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updated: 3/14/2014 9:02 AM

Injured bald eagle on way to recovery at Willowbrook Wildlife Center

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  • An injured bald eagle found in Oak Lawn is expected to return to the wild next month after a veterinarian at Willowbrook Wildlife Center in Glen Ellyn removed a bullet from its wing.

       An injured bald eagle found in Oak Lawn is expected to return to the wild next month after a veterinarian at Willowbrook Wildlife Center in Glen Ellyn removed a bullet from its wing.
    Photos by Daniel White | Staff Photographer

  • Veterinarian Dr. Jen Nevis performed surgery on an injured bald eagle at Willowbrook Wildlife Center in Glen Ellyn and says if the bird continues his quick recovery he could be released back into the wild next month.

       Veterinarian Dr. Jen Nevis performed surgery on an injured bald eagle at Willowbrook Wildlife Center in Glen Ellyn and says if the bird continues his quick recovery he could be released back into the wild next month.
    Daniel White | Staff Photographer

  • An injured bald eagle is released into a larger enclosure Thursday at Willowbrook Wildlife Center in Glen Ellyn.

       An injured bald eagle is released into a larger enclosure Thursday at Willowbrook Wildlife Center in Glen Ellyn.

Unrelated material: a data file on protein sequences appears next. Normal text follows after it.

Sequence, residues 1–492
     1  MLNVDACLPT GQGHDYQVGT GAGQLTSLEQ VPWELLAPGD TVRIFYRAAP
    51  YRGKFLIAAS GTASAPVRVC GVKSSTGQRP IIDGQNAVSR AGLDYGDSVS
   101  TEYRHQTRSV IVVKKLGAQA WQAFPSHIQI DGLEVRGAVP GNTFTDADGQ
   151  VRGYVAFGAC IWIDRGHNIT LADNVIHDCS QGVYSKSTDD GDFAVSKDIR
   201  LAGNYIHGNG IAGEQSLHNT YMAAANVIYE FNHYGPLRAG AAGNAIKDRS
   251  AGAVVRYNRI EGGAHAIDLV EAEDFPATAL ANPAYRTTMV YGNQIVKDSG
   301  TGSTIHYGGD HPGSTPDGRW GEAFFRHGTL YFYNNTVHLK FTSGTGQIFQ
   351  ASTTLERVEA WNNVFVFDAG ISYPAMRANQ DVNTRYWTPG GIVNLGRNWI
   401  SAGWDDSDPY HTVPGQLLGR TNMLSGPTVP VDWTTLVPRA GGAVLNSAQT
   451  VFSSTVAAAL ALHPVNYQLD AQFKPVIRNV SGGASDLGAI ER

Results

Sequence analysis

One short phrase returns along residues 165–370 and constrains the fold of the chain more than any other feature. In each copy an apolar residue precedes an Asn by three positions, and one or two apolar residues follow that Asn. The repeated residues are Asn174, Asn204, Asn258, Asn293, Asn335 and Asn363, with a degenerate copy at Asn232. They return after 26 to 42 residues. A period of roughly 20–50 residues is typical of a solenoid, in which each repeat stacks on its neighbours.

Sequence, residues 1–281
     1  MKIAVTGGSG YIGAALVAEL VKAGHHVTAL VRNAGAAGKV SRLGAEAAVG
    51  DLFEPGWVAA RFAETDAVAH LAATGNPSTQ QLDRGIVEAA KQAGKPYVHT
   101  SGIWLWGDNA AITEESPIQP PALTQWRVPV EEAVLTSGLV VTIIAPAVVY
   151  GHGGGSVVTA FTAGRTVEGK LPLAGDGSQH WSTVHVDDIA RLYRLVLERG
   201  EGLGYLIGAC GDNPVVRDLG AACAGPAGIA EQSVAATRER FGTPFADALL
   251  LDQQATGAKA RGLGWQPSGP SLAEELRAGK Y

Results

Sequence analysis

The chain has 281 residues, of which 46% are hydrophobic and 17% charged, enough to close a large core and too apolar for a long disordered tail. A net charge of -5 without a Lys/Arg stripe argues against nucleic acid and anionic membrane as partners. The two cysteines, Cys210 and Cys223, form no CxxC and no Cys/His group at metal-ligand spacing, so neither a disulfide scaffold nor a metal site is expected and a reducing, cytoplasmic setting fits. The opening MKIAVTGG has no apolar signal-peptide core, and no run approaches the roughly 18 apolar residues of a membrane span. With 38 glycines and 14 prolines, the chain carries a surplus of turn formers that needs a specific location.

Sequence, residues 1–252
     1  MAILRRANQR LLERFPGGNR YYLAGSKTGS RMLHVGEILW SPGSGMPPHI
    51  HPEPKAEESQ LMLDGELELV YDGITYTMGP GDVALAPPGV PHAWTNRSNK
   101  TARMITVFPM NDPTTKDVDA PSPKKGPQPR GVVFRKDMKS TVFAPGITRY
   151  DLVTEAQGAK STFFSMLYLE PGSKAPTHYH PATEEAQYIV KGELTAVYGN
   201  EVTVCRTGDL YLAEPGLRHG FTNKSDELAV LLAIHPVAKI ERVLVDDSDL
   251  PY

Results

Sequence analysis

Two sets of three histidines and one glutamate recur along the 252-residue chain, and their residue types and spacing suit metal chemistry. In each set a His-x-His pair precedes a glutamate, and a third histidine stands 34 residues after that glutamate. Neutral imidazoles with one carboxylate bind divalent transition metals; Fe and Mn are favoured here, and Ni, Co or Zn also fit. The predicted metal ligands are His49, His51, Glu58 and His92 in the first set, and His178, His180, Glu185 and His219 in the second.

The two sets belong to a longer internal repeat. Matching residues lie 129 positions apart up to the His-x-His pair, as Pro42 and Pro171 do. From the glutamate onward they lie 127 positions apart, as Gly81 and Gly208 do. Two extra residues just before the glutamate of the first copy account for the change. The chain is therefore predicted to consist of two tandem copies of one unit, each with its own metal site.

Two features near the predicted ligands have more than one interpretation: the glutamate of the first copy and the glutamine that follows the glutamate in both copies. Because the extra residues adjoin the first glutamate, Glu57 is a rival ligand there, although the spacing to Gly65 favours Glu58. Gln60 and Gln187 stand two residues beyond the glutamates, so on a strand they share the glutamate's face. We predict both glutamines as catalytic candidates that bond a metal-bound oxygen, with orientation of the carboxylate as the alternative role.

Daniel White | Staff Photographer

  • Veterinarian Dr. Jen Nevis, left, performed the surgery at the Willowbrook Wildlife Center in Glen Ellyn, which will continue the bird's rehabilitation and eventual release. Wildlife specialist Rose Augustine holds the bird.

      Veterinarian Dr. Jen Nevis, left, performed the surgery at the Willowbrook Wildlife Center in Glen Ellyn, which will continue the bird's rehabilitation and eventual release. Wildlife specialist Rose Augustine holds the bird.

  • Video: Injured bald eagle recovering

 
 

An injured bald eagle is another step closer to returning to flight and its native habitat, thanks to the team at Willowbrook Wildlife Center in Glen Ellyn.

Dr. Jen Nevis, the center's staff veterinarian, recently performed surgery to remove a bullet, which broke the ulna bone of the eagle's right wing.

Officials say an Oak Lawn resident found the injured bird in his backyard in late February. In addition to its broken wing, the eagle was suffering from malnourishment and dehydration when animal control officers brought it to Willowbrook.

Nevis said the eagle appears to be doing well and, if no complications arise, likely will be released into the wild sometime late next month.

When the eagle arrived at Willowbrook on Feb. 20, Nevis said, "the wound was no more than three days old."

After the wound was stabilized, the eagle was moved from a small crate-sized container to an 8-by-8-foot outdoor fenced area.

"He could walk quite a bit freely in there, move perch to perch and stretch the wing out, but he couldn't flap it and actually bear weight," Nevis said.

By Thursday, the eagle was healing well enough to be moved to a larger enclosure and to flap his wing several times while moving from perch to perch.

Willowbrook cares for more than 8,000 injured animals each year at the facility, 525 S. Park Blvd., Glen Ellyn.

The center is open daily. For details on hours and events, call (630) 942-6200 or visit dupageforest.org/WillowbrookWildlifeCenter.

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